A new window of opportunity has opened in Yerevan-Ankara relations despite Turkey’s support for Azerbaijan in the Karabakh war which ended in November 2020, a former Armenian lawmaker has said.
Styopa Safaryan, a member of the center-right Heritage party, told Anadolu Agency (AA) that after the recent war between Azerbaijan and Armenia, Armenian Prime Minister Nikol Pashinian was facing difficulties at home and was willing to take steps to revive bilateral relations with Turkey. .
“Pachinian is trying to show that there is a positive signal from Turkey so that a common program can be formed. He makes these statements understanding the feeling on the ground very well,” he said.
He added that the most sensitive issue in the normalization program is the Zangezur corridor, which will connect Turkey-Nakhichevan-Azerbaijan.
Safaryan said some circles in Armenia interpreted the opening of the corridor as the political strangulation of Armenia.
He claimed that Turkey would gain a lot from opening these routes without using the term “Zangezur Corridor”.
“If this (corridor) expression is used, the Armenian-Turkish dialogue will be over,” Safaryan said.
Corridor routes and which mode of transport to use have been bones of contention between Armenia and Azerbaijan, former Soviet states at odds since the 1990s.
Their tensions culminated in the Second Karabakh War in 2020, in which Azerbaijan liberated several towns and some 300 settlements and villages after nearly three decades of illegal Armenian occupation.
To improve relations, Armenia must negotiate with Turkey and Azerbaijan, but without mediators like Russia, an Armenian analyst also said.
“Armenia lost the (Karabakh) war and is currently in a weak state. The government needs to negotiate with Turkey and Azerbaijan, but this should be done without intermediaries like Russia,” said Stepan Grigoryan, Director of the Center for Analysis on Globalization and Regional Relations. Cooperation, a think tank in Armenia, told AA.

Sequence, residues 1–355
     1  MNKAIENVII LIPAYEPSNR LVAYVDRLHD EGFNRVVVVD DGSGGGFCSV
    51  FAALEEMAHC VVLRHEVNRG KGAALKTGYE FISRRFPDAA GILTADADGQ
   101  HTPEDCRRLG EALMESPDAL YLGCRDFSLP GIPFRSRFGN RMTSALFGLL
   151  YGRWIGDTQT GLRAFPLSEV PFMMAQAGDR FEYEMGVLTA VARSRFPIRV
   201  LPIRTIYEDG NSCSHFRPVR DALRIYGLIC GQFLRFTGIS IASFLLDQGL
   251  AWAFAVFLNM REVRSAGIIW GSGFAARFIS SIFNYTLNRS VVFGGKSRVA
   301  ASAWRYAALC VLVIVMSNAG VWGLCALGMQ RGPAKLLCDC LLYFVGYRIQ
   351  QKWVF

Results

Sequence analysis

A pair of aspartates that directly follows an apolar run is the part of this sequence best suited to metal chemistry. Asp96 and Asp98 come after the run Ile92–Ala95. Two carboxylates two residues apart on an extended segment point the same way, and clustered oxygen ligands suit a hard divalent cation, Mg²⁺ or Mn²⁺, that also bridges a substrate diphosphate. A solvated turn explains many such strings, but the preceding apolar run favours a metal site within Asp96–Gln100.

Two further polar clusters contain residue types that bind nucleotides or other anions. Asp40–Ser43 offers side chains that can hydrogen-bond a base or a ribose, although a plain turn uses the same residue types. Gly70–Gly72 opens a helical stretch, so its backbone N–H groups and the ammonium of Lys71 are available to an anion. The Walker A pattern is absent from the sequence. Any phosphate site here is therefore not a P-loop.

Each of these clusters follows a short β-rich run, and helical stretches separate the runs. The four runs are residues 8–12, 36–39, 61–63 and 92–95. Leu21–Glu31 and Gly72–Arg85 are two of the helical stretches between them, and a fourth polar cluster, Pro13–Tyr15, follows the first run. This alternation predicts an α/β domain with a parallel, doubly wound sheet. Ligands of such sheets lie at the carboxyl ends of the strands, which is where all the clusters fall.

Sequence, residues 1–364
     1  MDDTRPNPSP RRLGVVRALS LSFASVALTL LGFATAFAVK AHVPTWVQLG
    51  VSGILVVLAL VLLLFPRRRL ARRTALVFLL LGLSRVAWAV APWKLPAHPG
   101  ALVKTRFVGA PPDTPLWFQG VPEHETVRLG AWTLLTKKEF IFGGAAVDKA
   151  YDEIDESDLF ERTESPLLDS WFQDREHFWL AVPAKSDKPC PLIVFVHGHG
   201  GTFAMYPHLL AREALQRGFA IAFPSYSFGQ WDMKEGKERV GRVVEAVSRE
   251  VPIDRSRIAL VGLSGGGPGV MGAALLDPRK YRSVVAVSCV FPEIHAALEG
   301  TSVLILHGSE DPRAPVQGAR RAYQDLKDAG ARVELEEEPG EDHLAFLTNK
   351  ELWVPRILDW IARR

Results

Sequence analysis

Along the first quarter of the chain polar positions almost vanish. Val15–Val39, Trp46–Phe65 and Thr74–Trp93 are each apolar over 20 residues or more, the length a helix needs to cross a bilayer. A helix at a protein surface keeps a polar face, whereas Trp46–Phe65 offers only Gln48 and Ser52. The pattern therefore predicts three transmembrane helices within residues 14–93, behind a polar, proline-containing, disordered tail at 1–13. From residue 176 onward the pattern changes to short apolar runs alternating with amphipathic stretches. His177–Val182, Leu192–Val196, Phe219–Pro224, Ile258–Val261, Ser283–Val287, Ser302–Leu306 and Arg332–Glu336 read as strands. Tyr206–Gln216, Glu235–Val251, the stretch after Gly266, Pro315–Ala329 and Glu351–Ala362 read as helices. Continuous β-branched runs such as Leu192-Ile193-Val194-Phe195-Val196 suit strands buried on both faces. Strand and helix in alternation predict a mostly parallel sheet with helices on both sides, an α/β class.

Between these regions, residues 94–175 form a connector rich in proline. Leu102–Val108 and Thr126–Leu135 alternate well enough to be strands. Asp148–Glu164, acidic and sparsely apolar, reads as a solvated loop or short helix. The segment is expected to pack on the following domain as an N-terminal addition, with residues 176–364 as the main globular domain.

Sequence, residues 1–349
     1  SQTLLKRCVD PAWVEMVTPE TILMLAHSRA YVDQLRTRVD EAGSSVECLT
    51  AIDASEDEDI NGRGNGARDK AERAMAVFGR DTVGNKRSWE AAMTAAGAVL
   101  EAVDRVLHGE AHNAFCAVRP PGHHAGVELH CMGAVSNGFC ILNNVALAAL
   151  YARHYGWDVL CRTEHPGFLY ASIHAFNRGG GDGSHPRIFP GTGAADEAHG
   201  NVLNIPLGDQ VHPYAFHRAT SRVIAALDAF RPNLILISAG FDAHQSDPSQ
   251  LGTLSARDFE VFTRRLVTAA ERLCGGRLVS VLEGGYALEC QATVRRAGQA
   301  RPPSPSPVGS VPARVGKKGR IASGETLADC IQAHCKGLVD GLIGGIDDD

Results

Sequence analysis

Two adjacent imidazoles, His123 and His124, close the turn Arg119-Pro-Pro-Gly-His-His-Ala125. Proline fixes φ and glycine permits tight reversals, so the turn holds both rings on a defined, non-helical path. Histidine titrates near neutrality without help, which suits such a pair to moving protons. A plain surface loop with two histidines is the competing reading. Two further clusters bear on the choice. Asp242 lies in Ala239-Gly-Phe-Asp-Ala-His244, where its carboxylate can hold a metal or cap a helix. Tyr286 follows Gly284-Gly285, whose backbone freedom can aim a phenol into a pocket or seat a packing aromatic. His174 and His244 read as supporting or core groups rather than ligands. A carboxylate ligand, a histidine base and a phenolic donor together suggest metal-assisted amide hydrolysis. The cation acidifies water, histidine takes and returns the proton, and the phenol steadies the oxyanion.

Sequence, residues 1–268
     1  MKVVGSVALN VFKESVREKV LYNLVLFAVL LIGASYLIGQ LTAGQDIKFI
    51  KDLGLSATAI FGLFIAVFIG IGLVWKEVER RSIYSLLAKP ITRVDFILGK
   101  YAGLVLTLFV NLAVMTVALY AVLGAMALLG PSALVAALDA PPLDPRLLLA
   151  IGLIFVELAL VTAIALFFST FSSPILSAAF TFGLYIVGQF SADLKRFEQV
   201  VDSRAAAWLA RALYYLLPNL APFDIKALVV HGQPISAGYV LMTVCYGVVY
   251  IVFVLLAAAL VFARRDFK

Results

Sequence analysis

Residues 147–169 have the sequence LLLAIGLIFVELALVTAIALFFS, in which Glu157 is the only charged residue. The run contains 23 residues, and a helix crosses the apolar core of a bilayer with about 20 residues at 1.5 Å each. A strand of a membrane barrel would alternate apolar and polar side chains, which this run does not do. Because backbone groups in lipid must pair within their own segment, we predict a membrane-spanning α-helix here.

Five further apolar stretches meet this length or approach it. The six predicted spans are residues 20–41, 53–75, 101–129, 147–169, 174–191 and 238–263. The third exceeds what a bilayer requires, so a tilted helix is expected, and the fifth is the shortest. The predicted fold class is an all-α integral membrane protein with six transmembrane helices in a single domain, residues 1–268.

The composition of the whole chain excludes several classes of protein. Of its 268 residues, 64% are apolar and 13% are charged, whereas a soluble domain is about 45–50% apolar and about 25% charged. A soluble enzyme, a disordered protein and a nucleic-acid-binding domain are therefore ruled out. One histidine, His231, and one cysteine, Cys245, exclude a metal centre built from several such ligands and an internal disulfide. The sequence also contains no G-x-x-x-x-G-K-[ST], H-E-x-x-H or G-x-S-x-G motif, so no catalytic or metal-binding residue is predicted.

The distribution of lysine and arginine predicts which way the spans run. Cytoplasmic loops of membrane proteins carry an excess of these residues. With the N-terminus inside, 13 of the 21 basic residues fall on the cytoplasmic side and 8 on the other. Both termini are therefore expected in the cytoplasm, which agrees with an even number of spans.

“The process must continue through bilateral negotiations,” added Grigoryan, who is also a former Pan-Armenian National Movement lawmaker.
Stressing that Turkey can serve as an alternative to Russia in the region, he said: “Turkey pursues a serious foreign policy in line with its interests.
After last year’s six-week war, Azerbaijan retook Nagorno-Karabakh and other areas after nearly three decades of Armenian occupation.
Turkey supported Azerbaijan during the 44-day war, which ended with a Russian-brokered ceasefire agreement in November 2020.
Moscow has since brokered talks between Baku and Yerevan to end the decades-long conflict. He also expressed his willingness to support normalization between Ankara and Yerevan.
Besides Karabakh, Turkey has long been at odds with Armenia over issues such as Yerevan’s refusal to recognize their common border, terrorist attacks on Turkish diplomats and Armenia’s claims to the events of 1915. .
Due to its intransigence, landlocked Armenia has been left off transport and trade lines to Turkey and Europe, routes meant to bring the region closer together.
Noting that Turkey has the potential to be a “sustainable and reliable partner for Armenia”, Grigoryan said: “Turkey’s support and alliance with Azerbaijan is understandable and not open for discussion. “.
“By doing so, he can establish a reasonable and balanced relationship with Armenia. The same goes for Armenia.”
Urging his country to establish direct channels of relations with Turkey and Azerbaijan, he said, “I’m not saying it will be easy. Yes, there are disagreements on many issues, but negotiations need to start.” .
“Today we have a greater chance of establishing peace,” he added.